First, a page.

Growing up, I always just thought I was a shy person. In elementary school, I realized I had a speech impediment or a stutter. I had my mom order for me at restaurants for a pretty good amount of time, I absolutely hated speaking in front of people, and I never really spoke in class unless I got called on. Even that, I dreaded.
As I got older, my stuttering got better. However, I began to notice it would get worse at times where I was nervous or anxious around people. For years, I didn't really think that much of it.
Until things weren't getting better.
Looking back, I can see that around the age of 16 is when my social anxiety really started to make a big impact on my life. It's natural for people to get a little bit of anxiety when doing presentations. But I would have full-blown anxiety attacks in my seat before I had to get up in front of my class.
I vividly remember in my English class junior year, being in the middle of speaking during an in-class debate and suddenly being so out of breath.
I started pausing every few words to try and take deep breaths, but I would look at my classmates and my heart began to race. I just kept thinking to myself, "I'm making a fool out of myself" and "I wonder if they can tell I'm shaking". That's what it was like for me every time I had to get up in front of people. I hated the feeling of being vulnerable.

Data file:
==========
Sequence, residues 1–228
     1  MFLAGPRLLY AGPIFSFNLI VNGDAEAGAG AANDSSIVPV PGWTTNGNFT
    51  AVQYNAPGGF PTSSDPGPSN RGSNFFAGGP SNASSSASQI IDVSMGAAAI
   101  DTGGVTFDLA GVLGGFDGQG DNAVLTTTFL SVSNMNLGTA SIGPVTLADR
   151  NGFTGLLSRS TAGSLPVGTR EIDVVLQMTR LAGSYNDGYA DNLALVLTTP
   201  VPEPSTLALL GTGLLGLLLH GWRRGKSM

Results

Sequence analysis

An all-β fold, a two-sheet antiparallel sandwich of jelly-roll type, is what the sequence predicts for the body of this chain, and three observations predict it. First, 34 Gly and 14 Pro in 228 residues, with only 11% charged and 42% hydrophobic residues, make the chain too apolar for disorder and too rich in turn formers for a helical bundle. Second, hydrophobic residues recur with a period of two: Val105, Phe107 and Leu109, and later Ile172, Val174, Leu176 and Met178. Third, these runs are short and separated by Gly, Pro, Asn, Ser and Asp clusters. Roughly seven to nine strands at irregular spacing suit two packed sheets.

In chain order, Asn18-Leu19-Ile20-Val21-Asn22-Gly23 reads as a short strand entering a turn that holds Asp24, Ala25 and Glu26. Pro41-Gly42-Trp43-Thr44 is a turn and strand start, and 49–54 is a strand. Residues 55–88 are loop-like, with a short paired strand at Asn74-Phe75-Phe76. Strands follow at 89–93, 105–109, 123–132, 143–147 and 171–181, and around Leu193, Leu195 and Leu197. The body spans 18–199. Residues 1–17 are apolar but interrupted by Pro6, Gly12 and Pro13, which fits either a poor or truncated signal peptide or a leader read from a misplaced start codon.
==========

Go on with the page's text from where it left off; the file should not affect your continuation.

Another incident happened in class where I was texting my mom that I was having an anxiety attack and couldn't breathe, all because I had to get up in front of my class a recite a short poem.
Soon, my social anxiety started affecting other aspects of my life, not just school. When I got my first job at 16, I was a hostess at a restaurant. On the way to my first day, I called my mom in my car crying because I didn't want to have to talk to strangers or answer the phone. I was afraid of messing up or sounding dumb and what other people would think. I didn't want to embarrass myself. 3 years later, I'm still at the same restaurant where I'm now a server and have never left this place because I've built up security there. I'm too afraid to get a new job because I would have to start all over.
Even to this day, I struggle immensely with social anxiety. Being a freshman in college is a major adjustment for me because I'm not used to doing things by myself. I mean, it was only this past summer that I went to a public place by myself for the first time. It's challenging because a lot of the time, doing everyday things make me incredibly anxious.
A lot of people don't understand the mental strength it takes for someone with social anxiety to go out by themselves. I can't speak for others, but I know that for me it's embarrassing to get so anxious about it. There have been multiple times this past semester that I haven't eaten because I've been too afraid to get food by myself, even at a vendor.
To help others understand, I always compare it to the feeling you get when you're walking up the stairs at your house in the dark. You feel like there's someone watching you even though you know there isn't. that's what it's like to go out in public. I know people aren't looking at me, but I feel like every single pair of eyes is on me. Watching my every move, saying things to themselves.
Even though every day is a struggle, I am making small steps towards being able to control it. But a big part of that is having people around me who know that I'm not just shy or antisocial. I want to go out and have fun. It just takes a little time.